Researchers proposed a number of reasons why medium-pressure UV causes irreparable damage while low-pressure UV doesn’t.8 One hypothesis is there’s a synergistic effect between various wavelengths emitted by medium-pressure lamps that causes irreparable damage to the DNA. Another possible explanation is the repair enzymes themselves are damaged. For example, it was shown that absorption by proteins in the UV-B and UV-C regions was equal to absorption by DNA at 265 nm.10 According to one study, while absorption of UV by proteins is considered of little importance to cells, any damage to repair enzymes would be critical since so few are present in the cell.8

All these studies concluded polychromatic, medium-pressure UV radiation was more effective than monochromatic low-pressure UV at causing permanent, irreparable damage to the DNA of E. coli.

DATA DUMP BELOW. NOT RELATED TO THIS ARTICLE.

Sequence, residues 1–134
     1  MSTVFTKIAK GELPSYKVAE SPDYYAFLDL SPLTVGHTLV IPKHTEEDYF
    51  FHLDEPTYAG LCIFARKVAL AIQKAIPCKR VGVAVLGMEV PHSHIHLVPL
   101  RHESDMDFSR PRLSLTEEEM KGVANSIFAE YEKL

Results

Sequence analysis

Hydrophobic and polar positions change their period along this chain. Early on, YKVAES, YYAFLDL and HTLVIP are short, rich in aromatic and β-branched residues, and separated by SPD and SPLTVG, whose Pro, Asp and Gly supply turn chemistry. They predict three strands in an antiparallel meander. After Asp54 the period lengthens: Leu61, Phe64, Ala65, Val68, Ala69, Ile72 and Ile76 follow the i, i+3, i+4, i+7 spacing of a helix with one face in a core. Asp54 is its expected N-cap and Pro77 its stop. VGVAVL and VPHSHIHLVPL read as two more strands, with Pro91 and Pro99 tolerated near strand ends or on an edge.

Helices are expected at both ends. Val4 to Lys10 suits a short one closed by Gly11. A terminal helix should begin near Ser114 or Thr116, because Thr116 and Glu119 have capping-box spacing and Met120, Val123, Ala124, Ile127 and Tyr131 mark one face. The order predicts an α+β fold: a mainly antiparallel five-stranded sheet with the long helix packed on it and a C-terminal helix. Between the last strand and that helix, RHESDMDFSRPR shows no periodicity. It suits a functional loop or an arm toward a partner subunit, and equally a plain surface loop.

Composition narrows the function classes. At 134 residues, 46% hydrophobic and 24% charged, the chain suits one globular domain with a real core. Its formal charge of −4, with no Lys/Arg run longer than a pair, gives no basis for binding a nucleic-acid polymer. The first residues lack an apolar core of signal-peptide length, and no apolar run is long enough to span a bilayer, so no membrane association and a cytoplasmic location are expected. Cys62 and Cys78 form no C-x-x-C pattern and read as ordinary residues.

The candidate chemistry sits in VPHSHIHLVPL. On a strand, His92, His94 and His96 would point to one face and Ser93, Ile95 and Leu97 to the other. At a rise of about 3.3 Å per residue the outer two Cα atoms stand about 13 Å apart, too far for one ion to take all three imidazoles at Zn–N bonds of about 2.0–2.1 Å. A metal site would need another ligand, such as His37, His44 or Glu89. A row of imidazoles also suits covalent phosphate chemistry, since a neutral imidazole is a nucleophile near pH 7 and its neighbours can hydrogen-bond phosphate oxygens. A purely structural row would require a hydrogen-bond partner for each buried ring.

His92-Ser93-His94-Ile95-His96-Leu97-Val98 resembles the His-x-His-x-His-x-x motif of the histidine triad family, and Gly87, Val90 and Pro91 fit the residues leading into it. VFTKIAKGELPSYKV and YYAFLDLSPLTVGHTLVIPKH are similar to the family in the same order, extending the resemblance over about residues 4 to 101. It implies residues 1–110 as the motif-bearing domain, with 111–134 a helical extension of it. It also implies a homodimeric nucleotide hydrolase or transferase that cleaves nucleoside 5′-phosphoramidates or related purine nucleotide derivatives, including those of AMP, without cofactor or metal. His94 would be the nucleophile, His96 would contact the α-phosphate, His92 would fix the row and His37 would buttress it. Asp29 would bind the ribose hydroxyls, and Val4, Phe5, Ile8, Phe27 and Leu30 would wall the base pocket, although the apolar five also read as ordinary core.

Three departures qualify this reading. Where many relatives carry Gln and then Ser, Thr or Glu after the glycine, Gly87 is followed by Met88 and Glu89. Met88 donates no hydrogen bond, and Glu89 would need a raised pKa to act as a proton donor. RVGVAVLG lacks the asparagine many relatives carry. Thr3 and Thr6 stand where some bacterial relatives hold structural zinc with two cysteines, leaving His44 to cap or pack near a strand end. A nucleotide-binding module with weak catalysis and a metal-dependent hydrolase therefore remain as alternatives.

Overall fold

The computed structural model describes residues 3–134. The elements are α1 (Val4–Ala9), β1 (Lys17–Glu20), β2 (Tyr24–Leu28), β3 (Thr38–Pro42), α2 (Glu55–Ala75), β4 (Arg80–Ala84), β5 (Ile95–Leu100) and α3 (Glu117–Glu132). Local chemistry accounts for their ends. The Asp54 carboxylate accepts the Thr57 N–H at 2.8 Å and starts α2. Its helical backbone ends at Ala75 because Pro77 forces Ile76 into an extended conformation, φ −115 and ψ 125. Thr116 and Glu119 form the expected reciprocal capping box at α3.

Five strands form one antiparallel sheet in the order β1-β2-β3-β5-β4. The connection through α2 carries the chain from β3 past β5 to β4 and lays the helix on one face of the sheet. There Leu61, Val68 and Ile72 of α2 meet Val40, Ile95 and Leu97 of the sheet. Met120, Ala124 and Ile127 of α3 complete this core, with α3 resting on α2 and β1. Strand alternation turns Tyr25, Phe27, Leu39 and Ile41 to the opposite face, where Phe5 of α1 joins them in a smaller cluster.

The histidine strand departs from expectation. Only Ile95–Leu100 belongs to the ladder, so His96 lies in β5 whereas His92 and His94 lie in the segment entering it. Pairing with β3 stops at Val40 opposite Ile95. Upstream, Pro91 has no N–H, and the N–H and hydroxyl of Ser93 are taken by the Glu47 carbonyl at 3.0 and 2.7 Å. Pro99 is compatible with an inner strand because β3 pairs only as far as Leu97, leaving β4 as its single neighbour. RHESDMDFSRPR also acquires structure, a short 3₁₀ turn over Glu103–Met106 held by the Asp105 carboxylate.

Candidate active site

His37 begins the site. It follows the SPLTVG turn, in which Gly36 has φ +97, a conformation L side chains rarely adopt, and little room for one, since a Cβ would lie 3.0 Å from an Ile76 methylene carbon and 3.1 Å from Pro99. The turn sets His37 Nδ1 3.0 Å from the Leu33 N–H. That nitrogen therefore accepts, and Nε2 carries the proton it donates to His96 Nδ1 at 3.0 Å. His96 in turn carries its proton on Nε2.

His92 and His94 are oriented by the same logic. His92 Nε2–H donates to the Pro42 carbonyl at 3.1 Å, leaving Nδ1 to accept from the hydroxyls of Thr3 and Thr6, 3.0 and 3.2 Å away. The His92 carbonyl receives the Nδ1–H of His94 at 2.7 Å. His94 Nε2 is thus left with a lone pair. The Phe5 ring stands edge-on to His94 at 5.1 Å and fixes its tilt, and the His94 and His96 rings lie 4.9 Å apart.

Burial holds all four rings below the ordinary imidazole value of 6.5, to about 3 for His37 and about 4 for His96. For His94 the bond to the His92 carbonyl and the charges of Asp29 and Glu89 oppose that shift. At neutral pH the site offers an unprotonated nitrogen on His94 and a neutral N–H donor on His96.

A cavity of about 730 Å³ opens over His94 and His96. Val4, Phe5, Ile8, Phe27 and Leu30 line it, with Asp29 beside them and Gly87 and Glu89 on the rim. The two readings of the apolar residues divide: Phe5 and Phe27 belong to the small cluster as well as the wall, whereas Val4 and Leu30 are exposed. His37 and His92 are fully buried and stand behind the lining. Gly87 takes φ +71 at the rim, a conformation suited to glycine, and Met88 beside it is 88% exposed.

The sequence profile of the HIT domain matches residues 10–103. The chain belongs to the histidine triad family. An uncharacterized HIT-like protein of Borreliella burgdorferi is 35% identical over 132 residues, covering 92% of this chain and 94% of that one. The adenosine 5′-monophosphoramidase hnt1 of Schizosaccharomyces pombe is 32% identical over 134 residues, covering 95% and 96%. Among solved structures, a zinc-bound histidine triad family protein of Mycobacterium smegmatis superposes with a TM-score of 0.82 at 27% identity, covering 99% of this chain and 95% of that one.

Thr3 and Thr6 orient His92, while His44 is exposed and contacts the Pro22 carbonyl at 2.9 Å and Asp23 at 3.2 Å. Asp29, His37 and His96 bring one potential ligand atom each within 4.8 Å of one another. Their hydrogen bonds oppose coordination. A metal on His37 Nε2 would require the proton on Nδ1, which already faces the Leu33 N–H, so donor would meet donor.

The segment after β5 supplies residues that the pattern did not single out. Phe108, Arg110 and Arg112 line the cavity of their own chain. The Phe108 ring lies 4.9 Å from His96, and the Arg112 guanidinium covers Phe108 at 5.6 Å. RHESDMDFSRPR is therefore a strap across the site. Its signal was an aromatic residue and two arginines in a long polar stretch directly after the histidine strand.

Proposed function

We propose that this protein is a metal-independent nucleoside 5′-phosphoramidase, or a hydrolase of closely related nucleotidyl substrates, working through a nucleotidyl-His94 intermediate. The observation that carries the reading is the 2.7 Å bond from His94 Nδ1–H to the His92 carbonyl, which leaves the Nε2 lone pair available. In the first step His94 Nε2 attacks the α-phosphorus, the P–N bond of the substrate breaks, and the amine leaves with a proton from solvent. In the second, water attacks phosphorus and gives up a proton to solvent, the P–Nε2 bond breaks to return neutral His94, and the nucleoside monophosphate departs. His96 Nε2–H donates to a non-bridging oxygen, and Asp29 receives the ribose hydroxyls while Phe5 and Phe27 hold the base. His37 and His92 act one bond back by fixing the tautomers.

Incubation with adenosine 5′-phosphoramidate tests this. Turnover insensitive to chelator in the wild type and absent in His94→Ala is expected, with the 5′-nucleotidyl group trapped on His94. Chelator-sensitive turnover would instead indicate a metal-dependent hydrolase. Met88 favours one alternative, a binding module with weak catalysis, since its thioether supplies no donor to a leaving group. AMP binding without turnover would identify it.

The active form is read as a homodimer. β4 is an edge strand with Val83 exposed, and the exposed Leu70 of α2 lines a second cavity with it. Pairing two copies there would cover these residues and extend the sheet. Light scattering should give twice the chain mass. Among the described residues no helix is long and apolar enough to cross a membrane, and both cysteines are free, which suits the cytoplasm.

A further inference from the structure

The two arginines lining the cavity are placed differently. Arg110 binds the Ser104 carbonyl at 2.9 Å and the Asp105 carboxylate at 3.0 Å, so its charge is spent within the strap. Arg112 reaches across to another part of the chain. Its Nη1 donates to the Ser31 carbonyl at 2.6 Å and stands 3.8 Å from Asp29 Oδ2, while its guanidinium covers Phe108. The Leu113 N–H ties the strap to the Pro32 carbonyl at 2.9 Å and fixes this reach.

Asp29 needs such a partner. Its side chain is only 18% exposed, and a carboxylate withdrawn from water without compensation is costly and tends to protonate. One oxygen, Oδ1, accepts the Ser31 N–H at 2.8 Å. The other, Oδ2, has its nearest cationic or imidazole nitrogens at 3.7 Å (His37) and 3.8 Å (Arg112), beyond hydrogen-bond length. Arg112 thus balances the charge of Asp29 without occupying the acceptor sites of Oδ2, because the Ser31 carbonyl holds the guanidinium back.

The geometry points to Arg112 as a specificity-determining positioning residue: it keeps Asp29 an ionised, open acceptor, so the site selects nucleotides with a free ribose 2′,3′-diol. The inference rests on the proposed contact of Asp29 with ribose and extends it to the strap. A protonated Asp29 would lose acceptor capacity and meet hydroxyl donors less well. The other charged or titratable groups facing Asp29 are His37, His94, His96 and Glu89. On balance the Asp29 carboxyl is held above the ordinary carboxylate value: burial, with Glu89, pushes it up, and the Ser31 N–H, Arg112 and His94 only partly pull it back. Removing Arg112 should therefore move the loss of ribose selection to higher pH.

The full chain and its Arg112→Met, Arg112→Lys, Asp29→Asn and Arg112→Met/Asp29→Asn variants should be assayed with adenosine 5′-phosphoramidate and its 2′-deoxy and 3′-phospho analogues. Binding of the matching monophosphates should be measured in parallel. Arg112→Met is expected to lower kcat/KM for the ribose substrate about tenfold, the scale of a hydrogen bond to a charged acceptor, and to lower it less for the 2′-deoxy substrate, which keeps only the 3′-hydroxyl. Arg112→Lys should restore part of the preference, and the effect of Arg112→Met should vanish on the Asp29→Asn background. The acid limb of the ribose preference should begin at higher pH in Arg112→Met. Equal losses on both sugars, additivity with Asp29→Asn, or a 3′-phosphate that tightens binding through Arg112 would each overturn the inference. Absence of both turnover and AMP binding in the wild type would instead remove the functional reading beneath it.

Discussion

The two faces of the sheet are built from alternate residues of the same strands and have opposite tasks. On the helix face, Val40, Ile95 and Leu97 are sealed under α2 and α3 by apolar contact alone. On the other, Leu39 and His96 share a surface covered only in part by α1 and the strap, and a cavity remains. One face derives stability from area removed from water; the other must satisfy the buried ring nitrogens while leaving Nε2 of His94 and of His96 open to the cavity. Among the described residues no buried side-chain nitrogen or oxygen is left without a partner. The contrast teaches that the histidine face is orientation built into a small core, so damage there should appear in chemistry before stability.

Interpreting the findings
The implications of these findings are far-reaching. For any industry where UV is used to disinfect water or effluent, the operator must ensure that treatment is permanent. This is especially the case when the treated liquid will subsequently be exposed to sunlight. Some suggest medium-pressure UV could therefore provide better protection against photoreactivation if UV treatment occurs prior to any processes in which water is exposed to light for even a short time (30-180 minutes).8 According to the study, “Using low-pressure UV in this type of situation should be avoided, since repair occurs rapidly following exposure to light.”

Applications affected by these findings include anywhere the treated water or effluent is subsequently exposed to light such as wastewater, bottled water, fisheries and swimming pools. Also important, due to the possibility of dark repair, are drinking water and process water applications. One study recommended that further research be carried out with medium pressure to determine precisely which wavelengths cause the additional damage and where the damage occurs.8 It also recommended further research involving wastewater treatment plants.